The final act before Teatro A La Brava was a young woman who took the stage and began singing “Angel Baby.” Not quite a capella, she had a singerless soundtrack and was putting her heart into the performance. Out in the house, some of the mocosos started sniggering as only would-be pachucos can do, laughing and making derisive hoots at the woman. They thought she was lip-synching and they were going to make her pay for it, no matter the song. Or, perhaps because of the song, "Angel Baby" being the anthem to teen love with sacred Oldie status among the gente.
Carlos Vazquez was one of the best people I've known, and today he showed his character.
Carlos strode onstage and demanded the booth to shut off the music. He sat on a chair with his guitar and strummed out the intro to "Angel Baby." The badly shaken woman smiled and took her cue, singing in angelic voice the song she had been performing.
You couldn’t hear a voice in the enraptured and abashed silence.
When Teatro A La Brava performed its acto, Carlitos enacted a velorio for a character killed by a raging gangbaner. We didn't know it, of course, but Carlos performed his own velorio that day. A few years later, Carlos happily married, got gunned down by a raging gang asshole.
See you on the other side.
Not Even A Penny For The Little Guy
The raging gangbangers in the Oval Orifice want to kill funding for anything that takes money out of their pockets. Among the targeted programs, Corporation for National and Community Service, the federal agency that supports national service programs including AmeriCorps and Senior Corps.
This means no money for the tutoring program I volunteer for twice a week. Let me tell you about my kid.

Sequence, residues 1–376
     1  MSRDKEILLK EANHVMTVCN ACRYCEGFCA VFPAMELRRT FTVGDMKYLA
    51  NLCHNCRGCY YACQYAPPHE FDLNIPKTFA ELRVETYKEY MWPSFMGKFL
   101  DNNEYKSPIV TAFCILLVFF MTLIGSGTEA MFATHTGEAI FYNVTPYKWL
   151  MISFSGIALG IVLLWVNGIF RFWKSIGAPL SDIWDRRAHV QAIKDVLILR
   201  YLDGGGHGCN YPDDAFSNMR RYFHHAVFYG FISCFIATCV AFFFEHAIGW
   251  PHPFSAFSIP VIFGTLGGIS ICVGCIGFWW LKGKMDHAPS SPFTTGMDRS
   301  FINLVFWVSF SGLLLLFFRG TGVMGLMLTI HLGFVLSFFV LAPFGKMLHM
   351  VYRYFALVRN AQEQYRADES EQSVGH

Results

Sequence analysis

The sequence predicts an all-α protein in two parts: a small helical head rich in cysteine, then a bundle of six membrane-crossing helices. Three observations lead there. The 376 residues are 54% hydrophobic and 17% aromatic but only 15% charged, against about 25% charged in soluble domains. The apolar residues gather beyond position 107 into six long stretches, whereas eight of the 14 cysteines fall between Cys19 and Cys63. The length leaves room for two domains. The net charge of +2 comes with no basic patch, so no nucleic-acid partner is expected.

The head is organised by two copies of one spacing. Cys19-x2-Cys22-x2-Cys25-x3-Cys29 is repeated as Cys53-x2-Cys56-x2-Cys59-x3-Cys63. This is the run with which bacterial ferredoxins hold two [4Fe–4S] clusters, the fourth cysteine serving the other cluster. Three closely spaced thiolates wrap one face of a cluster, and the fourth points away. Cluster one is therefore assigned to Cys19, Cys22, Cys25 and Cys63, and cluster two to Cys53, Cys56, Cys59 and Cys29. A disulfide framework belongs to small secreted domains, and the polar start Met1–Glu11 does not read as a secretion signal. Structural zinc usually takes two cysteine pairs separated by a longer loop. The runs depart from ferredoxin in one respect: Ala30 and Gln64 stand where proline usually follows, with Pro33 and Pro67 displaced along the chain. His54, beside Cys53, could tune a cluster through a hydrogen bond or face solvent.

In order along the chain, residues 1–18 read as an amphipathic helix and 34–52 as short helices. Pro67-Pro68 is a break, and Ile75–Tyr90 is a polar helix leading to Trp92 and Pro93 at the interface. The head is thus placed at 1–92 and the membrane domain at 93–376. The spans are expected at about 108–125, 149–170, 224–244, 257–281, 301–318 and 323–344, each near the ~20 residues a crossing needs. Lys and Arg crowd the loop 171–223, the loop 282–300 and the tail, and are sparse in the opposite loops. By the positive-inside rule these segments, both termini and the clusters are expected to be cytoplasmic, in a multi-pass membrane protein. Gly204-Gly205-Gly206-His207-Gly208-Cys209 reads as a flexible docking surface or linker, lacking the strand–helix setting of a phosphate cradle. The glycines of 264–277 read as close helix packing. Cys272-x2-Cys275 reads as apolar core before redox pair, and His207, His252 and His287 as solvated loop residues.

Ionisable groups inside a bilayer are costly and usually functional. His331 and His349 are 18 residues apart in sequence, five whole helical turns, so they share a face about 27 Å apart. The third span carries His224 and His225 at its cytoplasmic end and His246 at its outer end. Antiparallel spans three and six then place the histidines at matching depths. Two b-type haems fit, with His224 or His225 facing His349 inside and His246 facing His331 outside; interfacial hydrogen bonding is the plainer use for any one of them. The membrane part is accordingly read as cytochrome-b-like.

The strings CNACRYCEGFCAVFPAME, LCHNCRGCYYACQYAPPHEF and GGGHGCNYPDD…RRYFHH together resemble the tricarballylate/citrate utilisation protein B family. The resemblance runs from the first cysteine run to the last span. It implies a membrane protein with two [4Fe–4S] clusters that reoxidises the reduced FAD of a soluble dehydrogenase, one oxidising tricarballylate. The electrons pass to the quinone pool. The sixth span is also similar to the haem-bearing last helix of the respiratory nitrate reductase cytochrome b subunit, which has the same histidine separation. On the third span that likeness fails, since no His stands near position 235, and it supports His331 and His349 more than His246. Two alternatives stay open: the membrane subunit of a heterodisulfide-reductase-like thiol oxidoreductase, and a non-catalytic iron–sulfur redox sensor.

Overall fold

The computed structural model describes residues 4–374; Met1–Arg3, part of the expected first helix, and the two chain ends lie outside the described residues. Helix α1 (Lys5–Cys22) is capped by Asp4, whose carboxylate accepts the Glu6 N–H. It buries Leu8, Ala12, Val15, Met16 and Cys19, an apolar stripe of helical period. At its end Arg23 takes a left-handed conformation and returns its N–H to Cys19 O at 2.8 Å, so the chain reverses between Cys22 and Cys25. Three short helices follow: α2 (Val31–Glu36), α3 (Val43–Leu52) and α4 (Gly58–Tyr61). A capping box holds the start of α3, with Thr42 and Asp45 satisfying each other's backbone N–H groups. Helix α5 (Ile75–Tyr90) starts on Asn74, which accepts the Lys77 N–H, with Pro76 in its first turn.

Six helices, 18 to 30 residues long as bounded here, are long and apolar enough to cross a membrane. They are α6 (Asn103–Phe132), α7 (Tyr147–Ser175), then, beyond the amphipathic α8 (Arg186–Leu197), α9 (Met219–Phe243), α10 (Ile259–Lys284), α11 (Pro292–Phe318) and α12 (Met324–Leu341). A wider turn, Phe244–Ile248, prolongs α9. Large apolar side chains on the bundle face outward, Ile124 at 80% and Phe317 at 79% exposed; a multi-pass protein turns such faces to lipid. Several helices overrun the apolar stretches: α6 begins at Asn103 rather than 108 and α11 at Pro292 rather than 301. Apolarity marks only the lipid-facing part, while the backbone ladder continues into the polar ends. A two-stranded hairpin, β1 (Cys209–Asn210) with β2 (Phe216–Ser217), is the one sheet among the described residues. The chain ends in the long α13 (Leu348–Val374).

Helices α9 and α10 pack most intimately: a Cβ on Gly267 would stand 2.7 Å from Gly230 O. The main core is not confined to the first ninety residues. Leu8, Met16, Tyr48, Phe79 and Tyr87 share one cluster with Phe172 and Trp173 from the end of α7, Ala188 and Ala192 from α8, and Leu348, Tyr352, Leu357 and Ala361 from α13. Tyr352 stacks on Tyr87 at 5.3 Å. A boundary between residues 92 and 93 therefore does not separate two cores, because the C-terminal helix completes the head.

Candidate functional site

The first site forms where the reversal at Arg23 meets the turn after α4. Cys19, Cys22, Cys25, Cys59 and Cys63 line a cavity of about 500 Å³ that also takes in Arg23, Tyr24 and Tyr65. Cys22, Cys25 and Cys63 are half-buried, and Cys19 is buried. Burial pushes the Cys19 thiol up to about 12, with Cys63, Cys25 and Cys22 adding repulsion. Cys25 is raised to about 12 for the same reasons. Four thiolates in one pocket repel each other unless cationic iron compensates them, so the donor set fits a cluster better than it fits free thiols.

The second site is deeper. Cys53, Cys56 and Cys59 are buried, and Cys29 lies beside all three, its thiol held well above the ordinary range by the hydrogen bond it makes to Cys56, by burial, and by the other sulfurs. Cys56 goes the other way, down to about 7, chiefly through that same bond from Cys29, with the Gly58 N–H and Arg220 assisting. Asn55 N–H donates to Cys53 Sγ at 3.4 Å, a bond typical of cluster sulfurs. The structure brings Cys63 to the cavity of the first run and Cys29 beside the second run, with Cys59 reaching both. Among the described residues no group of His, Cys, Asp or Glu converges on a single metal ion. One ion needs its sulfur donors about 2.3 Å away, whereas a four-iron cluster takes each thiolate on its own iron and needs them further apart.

His teacher says he has a lot more confidence and his performance shows marked improvement since we've been reading together. My tutee, a 3d grader, in the Reading Partners Program at my local elementary school, is a smart kid with some reading issues, principally fluency.
I am so happy for the little guy, to see him smile when I tell him he's set a new world's record on the one-minute read aloud, a fluency-building strategy where the kid reads for 60 seconds three times, striving to read deeper into the text each exercise.
I can't get him to hold his head high when he returns to his classroom. But lately there's been a bounce in his step as I escort him back to his classroom and tell him to visualize himself walking into the classroom head high, proud of his achievement. This boy is becoming a reader.
Screw you and screw his future, says the cretin in the Oval Orifice. That's the message of the administration's hateful designs to shut down the federal agency that supports national service programs including AmeriCorps and Senior Corps, whose employees staff Reading Partners.
Most California Congressional Districts have human beings in offices up and down the bureaucracy. They'll resist cultural subversion and find means to continue some of the programs that make us a literate culture. In other places, there's a struggle for public opinion to pressure electeds to find the way to stop the pernicious policy hegemons of the far right.
One way to help is contacting one's Congressional representative and voicing support for national service programs that create jobs and help kids like my tutee get the skills needed to survive as adults. That's where Voices For National Service can help.
Voices For National Service has a tool that gives you talking points first, then connects you to your representative's phone lines. Here's how they say it works. Click the links for more information on the organization and the tactic:
Using the simple tool below (click link here), take just two minutes to call Congress and tell them why you care about national service. Enter your phone number and full address, and you will receive a call back from 202-517-9863 that will provide guidance on what to say to your elected officials, and then patch you through directly to their offices. You will first be connected to your congressperson.